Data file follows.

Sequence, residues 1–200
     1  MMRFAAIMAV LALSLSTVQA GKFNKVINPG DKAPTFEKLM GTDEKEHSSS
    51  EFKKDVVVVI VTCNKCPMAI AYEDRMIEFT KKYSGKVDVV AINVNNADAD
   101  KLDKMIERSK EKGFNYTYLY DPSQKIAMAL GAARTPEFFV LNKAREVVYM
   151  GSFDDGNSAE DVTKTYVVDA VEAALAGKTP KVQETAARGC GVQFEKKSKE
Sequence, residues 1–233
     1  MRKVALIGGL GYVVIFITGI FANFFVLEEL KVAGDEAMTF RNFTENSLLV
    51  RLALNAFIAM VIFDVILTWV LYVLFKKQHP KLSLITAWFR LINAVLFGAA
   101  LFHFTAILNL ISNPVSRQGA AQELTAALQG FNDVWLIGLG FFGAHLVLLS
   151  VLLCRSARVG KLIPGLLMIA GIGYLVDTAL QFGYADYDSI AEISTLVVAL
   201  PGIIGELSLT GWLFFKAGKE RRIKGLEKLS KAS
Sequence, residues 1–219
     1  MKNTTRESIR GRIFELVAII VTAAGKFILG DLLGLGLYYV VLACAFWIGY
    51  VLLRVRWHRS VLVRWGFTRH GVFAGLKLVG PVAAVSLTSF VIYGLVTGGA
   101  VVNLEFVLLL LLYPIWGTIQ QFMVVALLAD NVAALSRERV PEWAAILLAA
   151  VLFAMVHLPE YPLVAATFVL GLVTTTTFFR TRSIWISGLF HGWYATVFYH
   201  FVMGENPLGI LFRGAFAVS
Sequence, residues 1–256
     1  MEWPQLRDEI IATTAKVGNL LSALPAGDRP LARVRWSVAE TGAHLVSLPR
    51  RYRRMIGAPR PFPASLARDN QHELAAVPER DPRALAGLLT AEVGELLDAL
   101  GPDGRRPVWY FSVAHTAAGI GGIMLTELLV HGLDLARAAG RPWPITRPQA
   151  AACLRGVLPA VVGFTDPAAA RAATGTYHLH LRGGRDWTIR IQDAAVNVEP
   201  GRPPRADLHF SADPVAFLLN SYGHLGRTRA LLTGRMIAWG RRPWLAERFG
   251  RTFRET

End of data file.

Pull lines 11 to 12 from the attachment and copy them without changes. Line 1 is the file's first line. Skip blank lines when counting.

   201  PGIIGELSLT GWLFFKAGKE RRIKGLEKLS KAS
Sequence, residues 1–219